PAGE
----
c. Going to hospital visiting dad laying on a hospital gurney waiting for spinal tap. Then family checking back in toward evening, only to see dad suffering from the pain of two spinal taps that didn’t take.
d. Waiting two days for dad to finally get on plane and fly home leaving vacation early.
e. Later looking at pictures of fatherless vacation.
f. Repeat this scenario at other times and on other vacations, kidney problems, broken bones, etc.
Our children finally concluded that we don’t take vacations, we visit hospitals.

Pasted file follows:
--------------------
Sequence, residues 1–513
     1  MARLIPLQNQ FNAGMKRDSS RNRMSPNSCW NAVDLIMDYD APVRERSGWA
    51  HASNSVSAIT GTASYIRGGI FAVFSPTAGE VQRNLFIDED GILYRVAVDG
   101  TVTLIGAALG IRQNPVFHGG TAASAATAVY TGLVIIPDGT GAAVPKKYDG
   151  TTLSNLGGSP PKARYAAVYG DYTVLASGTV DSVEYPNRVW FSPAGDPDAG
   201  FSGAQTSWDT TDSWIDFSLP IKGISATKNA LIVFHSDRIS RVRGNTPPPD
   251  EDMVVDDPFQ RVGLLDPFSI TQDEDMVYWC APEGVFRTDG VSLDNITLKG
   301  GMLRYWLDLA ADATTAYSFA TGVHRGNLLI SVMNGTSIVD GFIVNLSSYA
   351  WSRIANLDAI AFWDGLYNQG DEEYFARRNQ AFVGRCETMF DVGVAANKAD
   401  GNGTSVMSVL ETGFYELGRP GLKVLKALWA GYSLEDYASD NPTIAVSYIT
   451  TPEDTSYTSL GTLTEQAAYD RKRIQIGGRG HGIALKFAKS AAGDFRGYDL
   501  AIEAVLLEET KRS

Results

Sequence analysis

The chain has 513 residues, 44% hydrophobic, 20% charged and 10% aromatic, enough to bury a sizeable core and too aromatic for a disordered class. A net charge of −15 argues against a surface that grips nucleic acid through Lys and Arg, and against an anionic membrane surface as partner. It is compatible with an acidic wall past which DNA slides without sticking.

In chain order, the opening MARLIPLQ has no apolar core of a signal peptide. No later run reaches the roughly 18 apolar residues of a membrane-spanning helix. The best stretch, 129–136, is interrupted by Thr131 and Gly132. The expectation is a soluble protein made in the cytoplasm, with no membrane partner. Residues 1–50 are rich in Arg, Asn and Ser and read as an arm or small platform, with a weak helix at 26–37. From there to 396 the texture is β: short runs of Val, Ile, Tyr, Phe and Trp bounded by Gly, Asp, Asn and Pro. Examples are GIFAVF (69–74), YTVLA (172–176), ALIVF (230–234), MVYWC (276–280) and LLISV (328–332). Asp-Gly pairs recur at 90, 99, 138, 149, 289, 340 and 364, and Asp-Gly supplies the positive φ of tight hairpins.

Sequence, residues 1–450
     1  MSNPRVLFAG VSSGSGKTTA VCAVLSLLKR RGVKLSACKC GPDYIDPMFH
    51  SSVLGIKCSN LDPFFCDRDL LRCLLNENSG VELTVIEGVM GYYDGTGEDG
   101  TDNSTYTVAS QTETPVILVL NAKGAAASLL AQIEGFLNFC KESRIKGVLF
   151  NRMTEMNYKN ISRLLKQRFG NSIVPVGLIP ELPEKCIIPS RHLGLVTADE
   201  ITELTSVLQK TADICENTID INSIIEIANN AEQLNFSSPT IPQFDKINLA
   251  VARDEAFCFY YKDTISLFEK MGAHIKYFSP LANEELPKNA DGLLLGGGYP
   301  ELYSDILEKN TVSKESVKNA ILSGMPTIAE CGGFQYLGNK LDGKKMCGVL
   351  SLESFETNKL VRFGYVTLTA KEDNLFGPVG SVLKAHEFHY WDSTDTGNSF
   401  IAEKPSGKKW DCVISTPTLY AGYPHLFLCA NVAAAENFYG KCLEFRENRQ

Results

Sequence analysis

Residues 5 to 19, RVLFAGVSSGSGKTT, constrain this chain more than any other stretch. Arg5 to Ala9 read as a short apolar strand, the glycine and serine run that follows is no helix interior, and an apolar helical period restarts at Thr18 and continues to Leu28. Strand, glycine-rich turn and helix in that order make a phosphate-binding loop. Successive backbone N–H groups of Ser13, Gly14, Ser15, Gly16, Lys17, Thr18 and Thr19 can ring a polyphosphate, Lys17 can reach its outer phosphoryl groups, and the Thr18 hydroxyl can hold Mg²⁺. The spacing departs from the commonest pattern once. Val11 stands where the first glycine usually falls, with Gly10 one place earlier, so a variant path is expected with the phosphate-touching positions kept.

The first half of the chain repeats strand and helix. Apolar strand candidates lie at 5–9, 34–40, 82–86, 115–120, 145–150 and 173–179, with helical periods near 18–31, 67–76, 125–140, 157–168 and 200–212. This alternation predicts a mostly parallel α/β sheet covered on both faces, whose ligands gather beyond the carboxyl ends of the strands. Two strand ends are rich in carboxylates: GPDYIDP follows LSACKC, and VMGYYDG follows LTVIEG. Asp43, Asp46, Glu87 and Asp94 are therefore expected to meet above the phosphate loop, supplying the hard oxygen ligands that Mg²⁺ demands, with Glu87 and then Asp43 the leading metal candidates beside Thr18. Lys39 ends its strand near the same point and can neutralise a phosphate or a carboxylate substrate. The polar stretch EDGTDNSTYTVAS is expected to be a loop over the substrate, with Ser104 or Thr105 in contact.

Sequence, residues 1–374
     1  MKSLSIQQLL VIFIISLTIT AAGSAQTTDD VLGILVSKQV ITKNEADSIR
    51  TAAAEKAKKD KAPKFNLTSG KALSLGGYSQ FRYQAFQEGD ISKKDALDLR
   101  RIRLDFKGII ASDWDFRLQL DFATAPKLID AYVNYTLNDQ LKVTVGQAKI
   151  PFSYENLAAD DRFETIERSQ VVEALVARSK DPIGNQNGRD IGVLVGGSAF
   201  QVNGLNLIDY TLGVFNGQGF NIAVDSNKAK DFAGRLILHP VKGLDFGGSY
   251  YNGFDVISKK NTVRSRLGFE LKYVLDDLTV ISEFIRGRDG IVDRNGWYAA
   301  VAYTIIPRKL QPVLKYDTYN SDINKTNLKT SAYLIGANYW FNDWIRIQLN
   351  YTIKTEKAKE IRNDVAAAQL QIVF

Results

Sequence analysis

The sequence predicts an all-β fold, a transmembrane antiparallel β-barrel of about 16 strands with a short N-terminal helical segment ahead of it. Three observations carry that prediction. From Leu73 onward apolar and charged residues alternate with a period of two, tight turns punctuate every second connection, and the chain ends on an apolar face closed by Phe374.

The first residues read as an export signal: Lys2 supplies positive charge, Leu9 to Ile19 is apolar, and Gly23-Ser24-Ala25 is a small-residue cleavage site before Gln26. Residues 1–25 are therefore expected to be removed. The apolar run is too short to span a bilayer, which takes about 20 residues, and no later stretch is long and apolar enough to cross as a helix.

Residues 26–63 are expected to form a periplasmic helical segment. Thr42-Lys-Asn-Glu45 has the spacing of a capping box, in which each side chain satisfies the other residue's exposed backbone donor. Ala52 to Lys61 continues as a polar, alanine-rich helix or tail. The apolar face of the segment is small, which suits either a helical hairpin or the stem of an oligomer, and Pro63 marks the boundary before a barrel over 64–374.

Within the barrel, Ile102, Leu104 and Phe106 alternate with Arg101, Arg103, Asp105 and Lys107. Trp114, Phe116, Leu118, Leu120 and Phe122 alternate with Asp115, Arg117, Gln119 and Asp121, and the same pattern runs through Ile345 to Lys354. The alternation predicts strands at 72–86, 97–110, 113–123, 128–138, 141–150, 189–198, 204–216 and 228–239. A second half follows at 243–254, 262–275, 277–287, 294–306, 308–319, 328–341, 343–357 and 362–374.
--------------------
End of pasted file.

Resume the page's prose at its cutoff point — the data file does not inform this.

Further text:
People don’t get sarcoidosis, families do. How many vacations, birthdays, special events have been lost to sarcoidosis. I chose the next rendition of We Shall Overcome becomes it brings together many of the voices who are identified with this song into one place.
In many ways I believe this is what is needed for families to survive sarcoidosis. We must be intentional and stay focused on one common issue.
Joan Baez, Billy Bragg, Bruce Cockburn & Guy Davis ensemble “We Shall Overcome”
On the ninth day of this 12 day event, let’s talk about food. I like food. Most foods like me. But after certain foods and me get together we don’t always live well together. Certain foods, once they get inside this digestive tract, say “I never thought it would be like this.” They kick up a storm, something terrible.